An Overview of Black Carbon Pollution
Every year, millions of people die prematurely from prolonged exposure to air pollution. Harmful air pollution levels are pervasive outdoors, in homes, and at the work place. Over 90% of the world’s population lives in areas where ambient air pollution levels exceed the WHO’s acceptable limits.
Air pollution is a mixture of toxic gases and particulate matter (PM). Particulate matter consists of microscopic solid and liquid particles suspended in the air. These particles are many times smaller than a grain of table salt, measuring around 10 micrometers or less in diameter, which allows them to infiltrate the deepest regions of the lungs and transport toxic compounds into the bloodstream. When inhaled, these particles damage the respiratory and cardiovascular systems, and increase the incidence of associated illnesses and premature death. Vulnerable populations, such as infants and the elderly, are particularly susceptible to adverse health impacts from air pollution exposure.
What is black carbon?
Black carbon (BC) is the light absorbing component of particulate matter (PM) pollution emitted during the combustion of biomass and fossil fuels. Common sources include:
Diesel engines used in transportation or industry
Biomass (e.g. wood) heaters and cookstoves
Petrochemical refineries and other industrial processes
Black carbon is only emitted during incomplete fuel combustion: When black carbon is detected in the atmosphere, something is certainly burning upwind of the measurement location. These combustion emissions are hazardous to human health and damaging to the environment. In most contexts, air quality levels are driven by transportation, industry, agriculture, wildfires, and other combustion sources. Since black carbon is specifically associated with combustion, it serves as a strong proxy by which to detect harmful polluters, and accurately quantify their impact on surrounding communities and ecosystems. Black carbon also impacts the environment directly: it reduces visibility, affects snow packs, and is a major driver of climate change.
Black carbon is a marker for combustion emissions that are highly toxic and harmful to human health. For example, exposure to indoor air pollution from solid biomass combustion (particularly cookstoves fueled by wood or charcoal) is the world’s greatest environmental health risk, causing nearly 4 million premature deaths annually. Prolonged exposure to outdoor air pollution is also a major health burden, resulting in over 3 million premature deaths every year. Harmful ambient pollution levels are particularly pervasive in urban areas affected by combustion emissions from transportation, industry, and electric power generation: In 2010 premature deaths attributable to ambient air pollution exposure were about 50% more common in urban than in rural settings, and this could increase to 90% by 2050 if current trends continue.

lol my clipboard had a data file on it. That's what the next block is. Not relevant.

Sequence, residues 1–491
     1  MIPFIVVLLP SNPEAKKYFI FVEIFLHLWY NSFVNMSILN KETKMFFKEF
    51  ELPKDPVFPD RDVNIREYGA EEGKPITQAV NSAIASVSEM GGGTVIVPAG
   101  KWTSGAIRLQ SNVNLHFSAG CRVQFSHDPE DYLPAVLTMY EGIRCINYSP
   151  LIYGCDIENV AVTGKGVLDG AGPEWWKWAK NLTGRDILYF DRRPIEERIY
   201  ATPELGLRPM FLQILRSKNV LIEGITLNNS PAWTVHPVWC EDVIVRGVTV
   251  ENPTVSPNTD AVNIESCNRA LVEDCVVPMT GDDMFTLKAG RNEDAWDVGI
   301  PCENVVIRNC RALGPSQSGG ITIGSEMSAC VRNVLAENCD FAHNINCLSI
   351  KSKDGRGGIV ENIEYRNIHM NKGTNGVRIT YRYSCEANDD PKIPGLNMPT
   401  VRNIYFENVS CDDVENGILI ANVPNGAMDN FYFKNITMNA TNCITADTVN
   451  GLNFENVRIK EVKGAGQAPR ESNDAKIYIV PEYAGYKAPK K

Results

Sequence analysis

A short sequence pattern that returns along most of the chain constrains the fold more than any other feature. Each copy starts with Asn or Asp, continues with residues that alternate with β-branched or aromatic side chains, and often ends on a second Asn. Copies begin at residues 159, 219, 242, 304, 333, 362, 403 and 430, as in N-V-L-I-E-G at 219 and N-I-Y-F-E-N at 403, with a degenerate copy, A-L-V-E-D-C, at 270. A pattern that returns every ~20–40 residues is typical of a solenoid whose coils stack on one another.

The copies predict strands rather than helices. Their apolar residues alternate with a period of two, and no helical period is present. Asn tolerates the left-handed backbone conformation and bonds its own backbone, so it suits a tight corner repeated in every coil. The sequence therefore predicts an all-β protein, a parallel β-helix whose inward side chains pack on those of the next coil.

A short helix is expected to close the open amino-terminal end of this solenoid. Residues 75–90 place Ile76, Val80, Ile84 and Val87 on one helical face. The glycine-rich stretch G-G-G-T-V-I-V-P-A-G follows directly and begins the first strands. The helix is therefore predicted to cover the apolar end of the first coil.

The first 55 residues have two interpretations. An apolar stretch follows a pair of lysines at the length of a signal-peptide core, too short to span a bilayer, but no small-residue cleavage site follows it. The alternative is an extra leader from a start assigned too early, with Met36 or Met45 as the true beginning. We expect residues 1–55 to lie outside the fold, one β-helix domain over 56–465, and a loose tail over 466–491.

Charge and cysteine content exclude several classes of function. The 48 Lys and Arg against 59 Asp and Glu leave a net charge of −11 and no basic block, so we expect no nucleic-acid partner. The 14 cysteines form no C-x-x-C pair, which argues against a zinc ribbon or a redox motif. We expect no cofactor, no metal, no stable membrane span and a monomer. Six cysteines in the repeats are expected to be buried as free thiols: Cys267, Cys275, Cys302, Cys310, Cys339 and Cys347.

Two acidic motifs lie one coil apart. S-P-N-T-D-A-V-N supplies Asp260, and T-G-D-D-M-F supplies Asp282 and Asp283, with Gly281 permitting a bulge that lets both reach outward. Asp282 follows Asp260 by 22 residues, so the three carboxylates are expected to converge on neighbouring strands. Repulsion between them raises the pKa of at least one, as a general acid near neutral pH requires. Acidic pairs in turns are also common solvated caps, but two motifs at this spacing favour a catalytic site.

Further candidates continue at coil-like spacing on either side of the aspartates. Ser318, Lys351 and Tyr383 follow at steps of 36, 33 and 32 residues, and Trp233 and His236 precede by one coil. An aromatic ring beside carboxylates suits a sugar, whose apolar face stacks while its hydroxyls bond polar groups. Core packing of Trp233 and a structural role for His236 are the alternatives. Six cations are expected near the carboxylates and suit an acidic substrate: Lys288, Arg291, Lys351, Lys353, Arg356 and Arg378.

Combustion processes emit very fine particulate matter composed of poisonous compounds. Inhalation of these particles and associated toxic gases is strongly linked to increased prevalence of heart disease, respiratory infections, stroke, heart attack, and chronic respiratory conditions such as asthma. It is also responsible for infant mortality from acute respiratory infections. While the health effects of black carbon itself are still not entirely clear, exposure to air pollution from combustion sources, such as cookstoves or diesel engines, has long been established as a major public health burden.
Black carbon is also a short-lived but powerful climate forcer in the atmosphere: Only carbon dioxide contributes more to global radiative forcing. Black carbon only remains suspended in the atmosphere for about a week after emission (it is primarily removed by the hydrological cycle, through rainfall etc.), but per unit mass, it’s climate forcing potential is many times stronger than CO2 and other common greenhouse gases. When suspended in the atmosphere, black carbon particles contribute to climate change by absorbing incoming solar radiation and releasing it as heat to the surrounding environment. Since black carbon can serve as a nucleation site for precipitation, it also affects cloud formation, regional wind circulation, and rainfall patterns.
When black carbon pollution deposits on ice and snow, it darkens the surface and reduces sunlight reflection. As a result, the snow and ice absorb more heat and melt faster than they would otherwise. Polar and alpine regions such as the Himalayas are particularly vulnerable to decreased snow pack, retreating glaciers, and warming as a result of black carbon pollution.
Black carbon can affect rainfall patterns, with potentially severe consequences for ecosystems and livelihoods. For example, black carbon pollution is likely disrupting monsoon cycles in Southeast Asia, which are absolutely critical to agriculture in the region.
Our black carbon monitoring technology
Black carbon has many dangerous impacts that cannot be overlooked. At Distributed Sensing Technologies, we develop cutting edge technologies (such as the ObservAir series) to monitor black carbon in areas and contexts where this was previously unfeasible or unaffordable. By leveraging the atmospheric data our technology collects, we can work with cities, industries, and communities to understand and quantify the air pollution challenges that we face. Our technology is designed from the ground up as an accessible, dependable toolset that enables stakeholders to formulate, implement, and validate public policies that better protect the air we share. Contact us today!